• Personal and professional accomplishments.

My golden rule is I never mix alcohol and my mobile device.  Shut it off, respond to that tweet in the morning, no need for pictures, there is plenty of Budweiser in the world and as much as I think I need preserve this picture for future generations, I don’t.

Probably more interesting than what we are sharing directly, is the metadata we are creating and sharing.  How you move, where you go, who you connect with, etc… All this metadata has immense value and it’s the data we protect the least.
One of my favorite use cases for social media data and metadata is how we will determine creditworthiness in the future.  Startups like Tala are using social media and mobile metadata to determine creditworthiness and large consumer credit rating agencies like Fair Issac Corporation (FICO) and TransUnion are also adopting this approach to determining creditworthiness.

Here are some challenges that business face with social media:

  • Integration: Where does social media live within the organization? Every business knows it is essential to engage but who should own it. Social media data and social media analytics are providing such strategic value to organizations today that I am seeing Chief Marketing Officers replacing Chief Information Officers in some organizations. Social media and big data analytics have become more powerful than the internal data that drove traditional BI. CMO’s own the social engagement so in some cases they are taking over the conventional CIO role.
  • Governance: I call this reputation management or defense.
  • Culture: Social media shift the employee and consumer engagement model.
  • Human Resources: This all about establishing a social media policy.
  • Measurement & ROI: How will the organization measure the effectiveness of social media on the business and what is the ROI.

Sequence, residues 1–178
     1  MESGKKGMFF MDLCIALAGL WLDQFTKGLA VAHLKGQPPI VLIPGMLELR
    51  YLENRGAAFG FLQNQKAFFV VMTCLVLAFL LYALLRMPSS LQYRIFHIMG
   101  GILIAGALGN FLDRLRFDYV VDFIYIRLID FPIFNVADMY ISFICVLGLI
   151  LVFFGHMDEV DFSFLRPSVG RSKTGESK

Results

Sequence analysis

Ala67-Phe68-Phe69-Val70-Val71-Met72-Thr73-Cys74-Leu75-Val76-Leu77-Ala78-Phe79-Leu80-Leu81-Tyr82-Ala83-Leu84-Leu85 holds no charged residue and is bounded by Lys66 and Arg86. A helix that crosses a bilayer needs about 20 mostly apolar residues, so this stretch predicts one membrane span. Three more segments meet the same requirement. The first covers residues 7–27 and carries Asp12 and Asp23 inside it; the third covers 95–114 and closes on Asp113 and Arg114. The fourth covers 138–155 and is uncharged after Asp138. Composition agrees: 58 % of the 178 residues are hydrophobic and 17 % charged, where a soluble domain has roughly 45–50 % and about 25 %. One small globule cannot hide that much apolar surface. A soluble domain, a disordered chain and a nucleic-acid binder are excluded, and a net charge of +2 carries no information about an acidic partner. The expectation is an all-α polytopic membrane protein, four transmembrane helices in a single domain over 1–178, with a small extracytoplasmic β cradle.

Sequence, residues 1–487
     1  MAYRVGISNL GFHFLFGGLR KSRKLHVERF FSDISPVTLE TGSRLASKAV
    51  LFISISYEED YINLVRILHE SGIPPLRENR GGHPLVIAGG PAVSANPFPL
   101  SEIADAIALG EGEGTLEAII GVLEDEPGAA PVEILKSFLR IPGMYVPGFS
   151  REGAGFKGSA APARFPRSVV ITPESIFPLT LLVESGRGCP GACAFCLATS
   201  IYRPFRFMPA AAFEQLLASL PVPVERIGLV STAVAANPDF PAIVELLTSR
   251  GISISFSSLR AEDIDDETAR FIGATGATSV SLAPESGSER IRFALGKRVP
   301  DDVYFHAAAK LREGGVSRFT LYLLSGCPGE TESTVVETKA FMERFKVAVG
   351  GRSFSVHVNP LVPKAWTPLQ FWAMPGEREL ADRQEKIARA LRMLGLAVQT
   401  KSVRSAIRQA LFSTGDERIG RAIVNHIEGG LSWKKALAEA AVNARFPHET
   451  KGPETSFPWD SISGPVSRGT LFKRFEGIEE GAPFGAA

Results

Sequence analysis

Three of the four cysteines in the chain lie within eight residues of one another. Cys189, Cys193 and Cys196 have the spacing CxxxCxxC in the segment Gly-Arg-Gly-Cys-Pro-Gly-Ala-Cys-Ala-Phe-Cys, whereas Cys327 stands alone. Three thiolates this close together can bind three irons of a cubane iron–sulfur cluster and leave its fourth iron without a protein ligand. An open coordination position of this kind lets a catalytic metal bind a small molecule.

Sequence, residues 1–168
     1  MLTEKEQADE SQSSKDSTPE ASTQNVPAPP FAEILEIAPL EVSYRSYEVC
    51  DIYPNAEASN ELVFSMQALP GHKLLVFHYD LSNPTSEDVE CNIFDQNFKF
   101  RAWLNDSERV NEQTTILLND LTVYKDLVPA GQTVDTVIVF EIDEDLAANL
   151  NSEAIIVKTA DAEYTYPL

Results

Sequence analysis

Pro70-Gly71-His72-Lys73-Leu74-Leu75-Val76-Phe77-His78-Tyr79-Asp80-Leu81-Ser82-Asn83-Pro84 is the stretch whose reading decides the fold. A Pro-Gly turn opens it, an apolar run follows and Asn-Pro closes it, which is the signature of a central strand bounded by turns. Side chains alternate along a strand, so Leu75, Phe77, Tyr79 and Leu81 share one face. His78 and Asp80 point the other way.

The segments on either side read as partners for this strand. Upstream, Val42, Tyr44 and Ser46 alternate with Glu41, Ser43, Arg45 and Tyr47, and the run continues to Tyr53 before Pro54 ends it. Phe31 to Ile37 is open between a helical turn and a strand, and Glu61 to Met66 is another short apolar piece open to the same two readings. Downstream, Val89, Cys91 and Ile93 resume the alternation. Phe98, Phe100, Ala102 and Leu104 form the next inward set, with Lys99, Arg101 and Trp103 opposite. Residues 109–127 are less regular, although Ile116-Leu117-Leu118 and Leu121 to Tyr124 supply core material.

• Security: Social media is a great place for hackers to look for vulnerabilities, using both sophisticated and unsophisticated approaches.

Most companies do establish a social media policy. An example is Adidas’ Socail Media Policy.

Here are some highlights from Adidas’ Social Media Policy:

  1. Employees are allowed to associate themselves with the company when posting but they must clearly brand their online posts as personal and purely their own. The company should not be held liable for any repercussions the employees’ content may generate.
  2. Content pertaining to sensitive company information (particularly those found within Adidas internal networks) should not be shared to the outside online community. Divulging information like the company’s design plans, internal operations and legal matters are prohibited.
  3. Proper copyright and reference laws should be observed by employees when posting online.



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What People Share On Social Networks – Statistics and Trends [Infographic]. (n.d.). Retrieved October 18, 2017, from